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Home / Technology / Intel chooses and selects references as the threat from Apple Silicon grows

Intel chooses and selects references as the threat from Apple Silicon grows



The first M1 Macs have been out in the wild for almost three full months, and the fear is approaching Intel. This week, the company shared a detailed slide show of reference results Tom’s Hardware (via Six colors), aiming to show that there are several ways it still has a leg up on Apple Silicon … depending on how you look at things.

One of Intel’s focuses is on what it describes as “productivity”. The company compares its 11th generation “Tiger Lake” processors to Apple’s M1 for things like browsing and using Microsoft Office. Intel says:

Comparison of Microsoft Office 365, runs native on both Intel and Apple processors: 1

1th generation system performs some functions such as PDF export, up to 2.3 times faster (against Apple M1)

Comparison of the most popular browser (Chrome), which runs original versions on both Intel and Apple processors: The 11th generation system is more than 30% faster in general and almost 3 times faster in the electronic sharing improvement (vs Apple M1)

Other references from Intel also focus on things like content creation, using software from Adobe and Topaz Labs, as well as games.

Intel also compared the M1 to the Intel Evo, which is “the second-generation upgrade to Project Athena to make the best portable devices.”

There are some bizarre results from testing between the M1 and Evo, with Intel claiming that the M1 in the MacBook Pro failed on things like using Zoom and PowerPoint. Tom’s Hardware explains:

Intel claims that the M1 in the MacBook Pro it tested failed eight out of 25 tests it uses, including “Switch to Calendar” in Outlook, “Start Video Conference” in Zoom and “Select Picture Menu” in PowerPoint. Intel’s workloads do not explain how these run, but they are also simple tasks that work quite well on just about any modern processor, so they are weird choices. (I had many Zoom conferences while testing the MacBook Pro without any problems.)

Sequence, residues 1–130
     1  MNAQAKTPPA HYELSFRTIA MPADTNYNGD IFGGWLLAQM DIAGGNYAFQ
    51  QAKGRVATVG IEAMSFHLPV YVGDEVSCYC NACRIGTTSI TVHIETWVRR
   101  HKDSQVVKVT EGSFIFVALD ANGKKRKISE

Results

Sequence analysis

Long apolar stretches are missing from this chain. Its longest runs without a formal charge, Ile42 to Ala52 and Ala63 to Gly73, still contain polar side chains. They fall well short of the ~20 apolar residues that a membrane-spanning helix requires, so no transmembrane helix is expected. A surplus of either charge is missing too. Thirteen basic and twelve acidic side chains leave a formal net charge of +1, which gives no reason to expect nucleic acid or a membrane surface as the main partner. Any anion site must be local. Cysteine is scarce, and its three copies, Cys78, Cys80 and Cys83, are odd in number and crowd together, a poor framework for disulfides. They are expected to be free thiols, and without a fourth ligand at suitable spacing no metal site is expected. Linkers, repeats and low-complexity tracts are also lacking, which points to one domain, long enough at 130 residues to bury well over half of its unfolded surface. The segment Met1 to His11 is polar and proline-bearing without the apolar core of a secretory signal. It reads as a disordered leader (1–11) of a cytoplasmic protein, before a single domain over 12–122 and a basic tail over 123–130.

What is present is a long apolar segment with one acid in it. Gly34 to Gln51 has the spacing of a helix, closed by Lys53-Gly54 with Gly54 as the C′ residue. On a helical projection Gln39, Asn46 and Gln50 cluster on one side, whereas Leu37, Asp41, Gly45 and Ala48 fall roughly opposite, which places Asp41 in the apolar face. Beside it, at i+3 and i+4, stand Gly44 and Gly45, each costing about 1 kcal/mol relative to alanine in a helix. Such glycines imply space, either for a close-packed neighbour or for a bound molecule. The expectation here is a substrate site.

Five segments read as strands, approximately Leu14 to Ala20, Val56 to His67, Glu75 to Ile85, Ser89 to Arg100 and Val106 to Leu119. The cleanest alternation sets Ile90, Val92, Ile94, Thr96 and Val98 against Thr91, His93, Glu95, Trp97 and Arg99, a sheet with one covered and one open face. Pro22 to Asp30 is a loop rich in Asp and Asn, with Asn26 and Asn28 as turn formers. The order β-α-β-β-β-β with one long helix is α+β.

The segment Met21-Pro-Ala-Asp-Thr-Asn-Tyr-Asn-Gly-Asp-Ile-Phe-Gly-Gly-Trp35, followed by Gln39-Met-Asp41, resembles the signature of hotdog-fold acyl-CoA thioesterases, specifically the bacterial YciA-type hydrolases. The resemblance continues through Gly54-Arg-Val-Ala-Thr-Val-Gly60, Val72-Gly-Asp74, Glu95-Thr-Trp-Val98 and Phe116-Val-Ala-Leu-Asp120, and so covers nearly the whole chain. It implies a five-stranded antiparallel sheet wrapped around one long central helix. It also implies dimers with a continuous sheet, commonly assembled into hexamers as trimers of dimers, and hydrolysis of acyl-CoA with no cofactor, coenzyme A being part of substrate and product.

There are several things to keep in mind with this testing. First of all, these tests were performed by Intel, and therefore they should be treated with skepticism; Of course, the company will pick and choose the specific tasks where Intel chips can still work better than Apple’s M1.

For example, Tom’s Hardware points out some suspicious choices that Intel made when testing battery life:

In battery life, Intel switched to an Intel Core i7-1165G7 laptop, the Acer Swift 5, instead of sticking to the Core i7-1185G7 in the whitebook it used for performance testing. It also tested a MacBook Air. They ran Netflix streams and tabs and found that the MacBook Air came in front with a six-minute difference.

Intel did not increase the battery life of the MacBook Pro. In our tests, Intel PCs beat for hours.

Intel’s timing of releasing this counter-argument to Apple Silicon is also exciting. Jason Snell at Six colors points out the M1 is a low-end chip for low-end system, and Intel “has only a small window” left to be able to find favorable comparisons:

Inconsistent test platforms, shifting arguments, omitted data and the not so faint scent of desperation. Today’s M1 processor is a low-end chip for low-end systems, so Intel only has a small window to compare favorably with these systems before Apple’s silicon Macs of the highest quality are shipped and do the job so much more difficult.

If you’re interested, you can find the full slide show from Intel over at Tom’s Hardware.


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